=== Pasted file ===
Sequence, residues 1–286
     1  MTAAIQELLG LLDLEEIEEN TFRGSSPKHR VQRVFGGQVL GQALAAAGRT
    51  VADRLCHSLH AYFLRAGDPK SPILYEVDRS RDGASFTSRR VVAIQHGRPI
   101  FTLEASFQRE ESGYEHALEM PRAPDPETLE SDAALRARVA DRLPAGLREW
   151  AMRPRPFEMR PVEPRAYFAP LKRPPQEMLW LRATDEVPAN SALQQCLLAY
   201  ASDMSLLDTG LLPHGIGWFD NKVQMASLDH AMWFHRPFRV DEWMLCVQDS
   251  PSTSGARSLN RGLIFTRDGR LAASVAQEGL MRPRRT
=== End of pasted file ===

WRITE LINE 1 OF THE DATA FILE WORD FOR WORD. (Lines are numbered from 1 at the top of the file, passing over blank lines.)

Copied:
Sequence, residues 1–286